Before making the trade, A.J. Preller viewed Strahm as more of a reliever, but it should be noted that he will be given the chance to start in spring training to add value to a team searching for reliable starting pitching. His repertoire includes a mid 90’s fastball and an above average curveball. In 2016, the left hander was a very reliable bullpen option for KC as he finished 2-2 overall with a 1.23 ERA. Matt Strahm makes for a nice late inning option to use against left handers and might have a chance to start some games this season. Look for Matt Strahm to make a solid first impression with his new ball club during spring training.

Jordan Lyles:

Jordan Lyles was recently signed to a one-year contract by the Padres, including a club option for the 2019 season. The team decided to designate Travis Wood for assignment to clear room on the 40 man roster for Lyles. Jordan Lyles pitched for the Padres in 2017 and will be heading back to San Diego for the 2018 season. His numbers with the Padres in 2017 were very unappealing as he went 1-5 with a 9.39 ERA across 23 innings. A.J. Preller made this move, as he saw Jordan Lyles as a potential candidate to improve his numbers while pitching in the pitcher friendly Petco Park.

Credit: AP Photo

Jordan Lyles throws a four seam fastball and a sinker as his primary pitches both topping out at around 93 mph. He is primarily a ground ball pitcher, as he relies on his accuracy and control to get outs. Lyles was drafted in 2008 by the Houston Astros and was an interesting prospect possessing a variety of pitches with major league potential. His numbers with the Astros were very unattractive in three seasons before he was traded to the Colorado Rockies where he performed with below average numbers in all of his four seasons with the Rockies. Statistically, there is nothing attractive about Jordan Lyles and this move looks meaningless for the San Diego Padres in 2018. A.J. Preller is rewarding Jordan Lyles with another chance to emend his career in San Diego and get back in the mix for a spot in the rotation or the bullpen.

Clayton Richard:

The 2018 season will be Richard’s eighth as a San Diego Padre, since he began his major league career in 2008 with the Chicago White Sox. Richard recently agreed to a two-year (2018-19) $6 million-dollar contract. Clayton Richard has been a largely appreciated part of this franchise by the ownership, the coaching staff and the players that have been around him over the years. He recently won the 2017 MLBPAA Heart and Hustle Award awarded to the Padres player who embodies the most passion for the game and best embodies the value, traditions and spirits of the game. Clayton was chosen by his teammates and coaches for this award based on his hard work and passion on the field and in the community.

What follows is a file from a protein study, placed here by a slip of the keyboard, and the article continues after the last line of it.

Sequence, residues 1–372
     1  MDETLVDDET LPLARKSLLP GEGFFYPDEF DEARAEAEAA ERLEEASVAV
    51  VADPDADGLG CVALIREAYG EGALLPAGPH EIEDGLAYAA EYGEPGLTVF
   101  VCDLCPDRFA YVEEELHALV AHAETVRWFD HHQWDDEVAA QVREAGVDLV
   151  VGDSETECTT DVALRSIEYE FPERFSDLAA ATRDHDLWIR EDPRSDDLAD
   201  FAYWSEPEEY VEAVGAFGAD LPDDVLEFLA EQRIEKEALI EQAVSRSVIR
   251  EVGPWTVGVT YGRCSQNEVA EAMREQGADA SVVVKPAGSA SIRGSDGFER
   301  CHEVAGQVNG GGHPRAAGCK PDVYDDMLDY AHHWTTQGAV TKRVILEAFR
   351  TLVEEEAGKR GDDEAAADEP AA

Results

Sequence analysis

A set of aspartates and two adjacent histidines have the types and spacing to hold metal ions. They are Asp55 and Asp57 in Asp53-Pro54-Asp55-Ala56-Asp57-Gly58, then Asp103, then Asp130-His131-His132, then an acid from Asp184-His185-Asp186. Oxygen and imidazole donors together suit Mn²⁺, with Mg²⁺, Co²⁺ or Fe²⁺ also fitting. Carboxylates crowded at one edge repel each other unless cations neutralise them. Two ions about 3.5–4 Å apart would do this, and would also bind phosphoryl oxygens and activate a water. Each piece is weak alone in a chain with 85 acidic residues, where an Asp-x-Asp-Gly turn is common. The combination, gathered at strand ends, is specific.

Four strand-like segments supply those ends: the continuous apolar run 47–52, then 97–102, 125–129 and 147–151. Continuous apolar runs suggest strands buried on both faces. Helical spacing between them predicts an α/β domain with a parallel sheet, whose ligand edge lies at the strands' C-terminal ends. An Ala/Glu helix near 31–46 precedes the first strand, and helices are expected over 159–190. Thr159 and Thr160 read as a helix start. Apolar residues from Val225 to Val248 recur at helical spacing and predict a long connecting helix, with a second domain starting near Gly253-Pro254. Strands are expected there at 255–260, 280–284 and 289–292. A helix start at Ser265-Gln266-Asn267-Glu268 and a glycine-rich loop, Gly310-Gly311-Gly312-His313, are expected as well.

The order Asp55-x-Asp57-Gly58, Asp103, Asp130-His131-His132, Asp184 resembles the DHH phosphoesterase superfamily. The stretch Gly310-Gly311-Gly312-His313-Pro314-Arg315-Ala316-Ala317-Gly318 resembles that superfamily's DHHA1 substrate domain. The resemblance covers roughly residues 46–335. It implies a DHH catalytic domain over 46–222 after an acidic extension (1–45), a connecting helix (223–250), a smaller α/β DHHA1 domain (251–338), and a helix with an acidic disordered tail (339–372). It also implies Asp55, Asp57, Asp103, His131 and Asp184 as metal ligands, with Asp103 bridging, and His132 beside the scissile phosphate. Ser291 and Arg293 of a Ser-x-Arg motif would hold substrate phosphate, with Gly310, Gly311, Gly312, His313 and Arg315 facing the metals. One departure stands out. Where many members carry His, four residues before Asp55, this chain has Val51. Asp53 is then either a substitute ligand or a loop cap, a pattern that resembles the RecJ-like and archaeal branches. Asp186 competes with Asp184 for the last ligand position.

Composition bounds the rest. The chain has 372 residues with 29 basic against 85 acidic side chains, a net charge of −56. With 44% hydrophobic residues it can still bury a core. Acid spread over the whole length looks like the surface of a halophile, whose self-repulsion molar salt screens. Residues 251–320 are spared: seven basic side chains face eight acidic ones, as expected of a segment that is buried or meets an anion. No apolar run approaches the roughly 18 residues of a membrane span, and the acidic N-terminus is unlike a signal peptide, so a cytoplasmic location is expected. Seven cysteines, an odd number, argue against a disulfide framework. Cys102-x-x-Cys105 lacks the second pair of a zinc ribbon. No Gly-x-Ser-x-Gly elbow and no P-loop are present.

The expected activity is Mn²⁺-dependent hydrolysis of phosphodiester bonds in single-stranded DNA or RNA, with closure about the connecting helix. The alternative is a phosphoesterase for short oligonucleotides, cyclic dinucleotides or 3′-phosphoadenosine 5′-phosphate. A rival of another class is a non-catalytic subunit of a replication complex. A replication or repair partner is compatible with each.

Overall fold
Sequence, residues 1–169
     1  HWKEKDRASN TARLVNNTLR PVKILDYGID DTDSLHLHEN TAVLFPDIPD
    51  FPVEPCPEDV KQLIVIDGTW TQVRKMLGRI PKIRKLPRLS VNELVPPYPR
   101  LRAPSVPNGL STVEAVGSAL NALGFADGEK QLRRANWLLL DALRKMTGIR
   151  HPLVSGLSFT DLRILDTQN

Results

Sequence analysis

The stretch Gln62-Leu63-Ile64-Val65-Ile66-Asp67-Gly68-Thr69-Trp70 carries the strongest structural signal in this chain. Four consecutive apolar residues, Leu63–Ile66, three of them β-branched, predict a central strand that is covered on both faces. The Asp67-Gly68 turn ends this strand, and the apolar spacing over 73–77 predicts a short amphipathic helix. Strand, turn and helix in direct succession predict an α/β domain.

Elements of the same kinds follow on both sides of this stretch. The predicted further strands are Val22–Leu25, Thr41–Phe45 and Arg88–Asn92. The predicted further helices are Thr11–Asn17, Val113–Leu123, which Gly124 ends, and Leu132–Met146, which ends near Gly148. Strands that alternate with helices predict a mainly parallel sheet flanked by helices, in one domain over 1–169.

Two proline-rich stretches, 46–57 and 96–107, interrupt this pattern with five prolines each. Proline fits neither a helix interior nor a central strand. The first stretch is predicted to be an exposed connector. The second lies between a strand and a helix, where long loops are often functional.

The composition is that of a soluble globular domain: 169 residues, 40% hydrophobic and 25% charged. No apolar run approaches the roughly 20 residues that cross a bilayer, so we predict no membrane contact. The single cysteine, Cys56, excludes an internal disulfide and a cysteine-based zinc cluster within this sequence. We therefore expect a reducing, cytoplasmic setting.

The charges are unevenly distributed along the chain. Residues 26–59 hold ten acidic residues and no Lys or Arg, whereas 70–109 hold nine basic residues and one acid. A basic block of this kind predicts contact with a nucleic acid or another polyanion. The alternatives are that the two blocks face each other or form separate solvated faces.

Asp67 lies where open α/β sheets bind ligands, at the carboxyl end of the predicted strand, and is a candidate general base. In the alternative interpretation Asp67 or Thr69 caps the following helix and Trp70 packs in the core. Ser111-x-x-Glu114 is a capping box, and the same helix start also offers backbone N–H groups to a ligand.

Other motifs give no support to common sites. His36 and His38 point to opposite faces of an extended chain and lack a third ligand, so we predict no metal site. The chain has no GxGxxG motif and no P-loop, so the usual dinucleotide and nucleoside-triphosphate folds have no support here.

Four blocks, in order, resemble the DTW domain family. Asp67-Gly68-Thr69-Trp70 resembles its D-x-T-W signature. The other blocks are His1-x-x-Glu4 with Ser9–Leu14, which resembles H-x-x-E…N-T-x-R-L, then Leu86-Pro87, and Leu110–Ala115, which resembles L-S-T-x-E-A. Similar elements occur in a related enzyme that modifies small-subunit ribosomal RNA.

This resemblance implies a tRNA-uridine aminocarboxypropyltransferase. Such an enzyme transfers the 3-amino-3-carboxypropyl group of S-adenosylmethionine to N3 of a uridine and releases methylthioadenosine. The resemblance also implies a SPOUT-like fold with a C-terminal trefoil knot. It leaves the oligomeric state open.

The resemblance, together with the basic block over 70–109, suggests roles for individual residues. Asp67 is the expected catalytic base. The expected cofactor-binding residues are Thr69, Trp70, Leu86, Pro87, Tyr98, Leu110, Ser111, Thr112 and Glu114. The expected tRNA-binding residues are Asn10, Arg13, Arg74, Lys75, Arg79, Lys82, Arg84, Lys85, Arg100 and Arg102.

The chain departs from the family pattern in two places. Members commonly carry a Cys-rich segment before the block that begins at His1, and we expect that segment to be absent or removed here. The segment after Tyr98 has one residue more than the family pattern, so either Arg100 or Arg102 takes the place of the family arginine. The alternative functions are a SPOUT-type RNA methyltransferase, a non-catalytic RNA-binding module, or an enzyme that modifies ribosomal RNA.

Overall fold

On the mound, he relies on a sinker that tops out at around 91 mph helping to collect most of his strikeouts and a changeup as his primary pitches. Occasionally he will throw a curve using a knuckle curve grip and then a cutter very rarely. Last season was a very bumpy ride for Richard where he looked great at times and also was very hittable during stretches. He gave up 240 hits on the season which led all of major league baseball and those 240 hits let him to induce a total of 105 earned runs. He finished the 2017 season going 8-15 record, with a 4.79 ERA, a 1.52 WHIP and 151 strikeouts across 197 and 1/3 innings. A.J. Preller has mentioned that Richard will be in the rotation to start the season, but much of his future for 2018 and 2019 remains unclear whether it will be as a starter or a long reliever. If he can continue to eat innings similarly to what he did in 2017 expect to see Clayton Richard in the rotation throughout the 2018 season. Clayton Richard will be turning 35 years old next season and hopefully, stays around through the end of the 2019 season and retires as a San Diego Padre.

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Brett Harmon

A native of Newport Beach, California, Brett just (twenty years old) has a huge passion for San Diego sports and America’s Finest City. He is currently a student at Drew University studying Computer Science and Business. Brett is patiently waiting on the Padres first World Series championship and will be bringing you insight and knowledge on the Padres, Aztecs and Toreros.


This article has 2 Comments

  1. That group would look a lot better if the Padres still had Luis Catillo. It’s too bad Rea’s elbow could hold out for the season, this group would have had some promise, even without dreaming on all of the kids still in AA and lower.